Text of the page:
High winds can severely affect people and property. And not just a little bit. In the 1800’s relentless plains winds drove prairie settlers plumb crazy. Californians today experience hot, dry Santa Ana winds that whip wildfires to roaring frenzies. The ceaseless middle eastern scirocco, a Mediterranean wind that comes from the Sahara, can reach hurricane speeds for days without intermission in North Africa and Southern Europe, especially during the summer season. Recent wind driven fire in Maui wiped out the lovely town of Lahaina with significant loss of life.
“Today, high wind is rated as the top cause of property damage expenses,” says Caleb Brunz, President of Paul Davis Restoration of Greater MSP, Minnesota. “It’s a powerful force that uproots trees, tosses structures and is capable of destroying almost any built item humans can invent. Commercial buildings are frequently at high risk. Fortunately, five precautionary measures reduce property owners’ chances of falling prey to wind.”
- Reinforce building envelopes: Repair roofs, anchor external fixtures like gutters, and strengthen doors and windows. Additionally, securely fasten external systems like air handlers, particularly systems mounted on rooftops. It’s not uncommon for sizeable objects in exposed locations to dislodge and tumble across flat roofs, inflicting extensive damage.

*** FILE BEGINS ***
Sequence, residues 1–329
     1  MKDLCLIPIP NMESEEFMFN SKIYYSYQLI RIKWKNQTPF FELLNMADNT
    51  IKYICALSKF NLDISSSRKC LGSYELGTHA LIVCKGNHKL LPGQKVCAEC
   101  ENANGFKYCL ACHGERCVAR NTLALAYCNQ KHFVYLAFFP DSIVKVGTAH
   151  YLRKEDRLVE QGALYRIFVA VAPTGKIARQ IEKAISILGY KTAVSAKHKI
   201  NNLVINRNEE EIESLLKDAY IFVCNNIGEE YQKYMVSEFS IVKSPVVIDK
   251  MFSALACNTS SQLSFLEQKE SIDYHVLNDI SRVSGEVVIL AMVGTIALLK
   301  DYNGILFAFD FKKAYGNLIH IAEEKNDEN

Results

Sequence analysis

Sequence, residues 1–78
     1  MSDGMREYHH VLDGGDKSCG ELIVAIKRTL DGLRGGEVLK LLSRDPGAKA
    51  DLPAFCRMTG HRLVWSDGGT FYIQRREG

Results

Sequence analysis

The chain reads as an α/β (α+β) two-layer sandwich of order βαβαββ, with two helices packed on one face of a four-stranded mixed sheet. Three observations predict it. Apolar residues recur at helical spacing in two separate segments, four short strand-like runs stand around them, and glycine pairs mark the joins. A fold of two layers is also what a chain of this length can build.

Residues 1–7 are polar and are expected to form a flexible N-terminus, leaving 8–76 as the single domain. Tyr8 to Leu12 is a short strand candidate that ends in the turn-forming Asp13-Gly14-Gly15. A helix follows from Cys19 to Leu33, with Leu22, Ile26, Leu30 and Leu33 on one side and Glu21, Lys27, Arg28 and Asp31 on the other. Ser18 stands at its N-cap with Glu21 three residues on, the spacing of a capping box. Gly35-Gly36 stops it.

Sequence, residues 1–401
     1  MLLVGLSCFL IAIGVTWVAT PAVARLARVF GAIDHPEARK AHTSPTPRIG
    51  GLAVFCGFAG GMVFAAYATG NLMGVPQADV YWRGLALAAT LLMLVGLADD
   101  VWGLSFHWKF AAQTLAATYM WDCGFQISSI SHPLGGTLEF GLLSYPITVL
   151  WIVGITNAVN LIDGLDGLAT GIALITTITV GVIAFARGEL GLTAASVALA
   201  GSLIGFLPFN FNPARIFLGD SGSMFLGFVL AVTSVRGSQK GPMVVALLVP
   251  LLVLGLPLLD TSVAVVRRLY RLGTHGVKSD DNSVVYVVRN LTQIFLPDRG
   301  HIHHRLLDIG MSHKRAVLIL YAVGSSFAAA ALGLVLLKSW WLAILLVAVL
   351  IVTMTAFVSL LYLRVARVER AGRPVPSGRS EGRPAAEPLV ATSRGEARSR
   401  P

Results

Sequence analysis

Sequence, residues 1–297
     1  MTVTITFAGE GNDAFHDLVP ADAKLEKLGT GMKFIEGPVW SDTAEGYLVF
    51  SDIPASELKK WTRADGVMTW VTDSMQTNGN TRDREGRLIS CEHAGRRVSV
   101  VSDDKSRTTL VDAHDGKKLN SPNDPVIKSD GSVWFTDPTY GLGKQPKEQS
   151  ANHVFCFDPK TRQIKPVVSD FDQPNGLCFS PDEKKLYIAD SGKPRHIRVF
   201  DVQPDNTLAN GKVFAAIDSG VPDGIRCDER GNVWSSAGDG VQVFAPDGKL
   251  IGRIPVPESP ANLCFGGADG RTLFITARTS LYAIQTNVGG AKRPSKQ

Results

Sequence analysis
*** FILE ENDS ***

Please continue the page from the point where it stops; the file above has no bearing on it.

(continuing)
- Manage landscaping: Clear debris that could become airborne. Trim trees, paying particular attention to branches that could strike buildings if they fall.
- Secure outdoor items: Fasten down exterior furniture, check and secure sign mountings and anchor waste containers. Any of these – no matter how heavy they are – can become blown projectiles in high winds.
- Shield outdoor assets: Are work vehicles and equipment exposed to weather? High winds can fling debris against vehicles, breaking windows and pitting finishes. Consider garaging them temporarily or relocating them to safer locations until winds die down.
- Review coverage and response plans: Check insurance coverage for wind damage by contacting your agent. If the property at risk is commercial, contact Paul Davis for a free Emergency Preparedness Plan. Tailored to individual businesses, EPPs comprise information specific to property and operations, such as emergency contacts, preferred trade and supplier partners, specific mechanical room information, locations of shutoff switches and a variety of additional details you will need in an emergency.
“About 40 percent of businesses closed by disasters never reopen,” says Brunz. “And of those that do reopen, most had emergency plans in place. But whether it’s a commercial or residential property, our experts can help get you ready for high winds before the high winds strike.”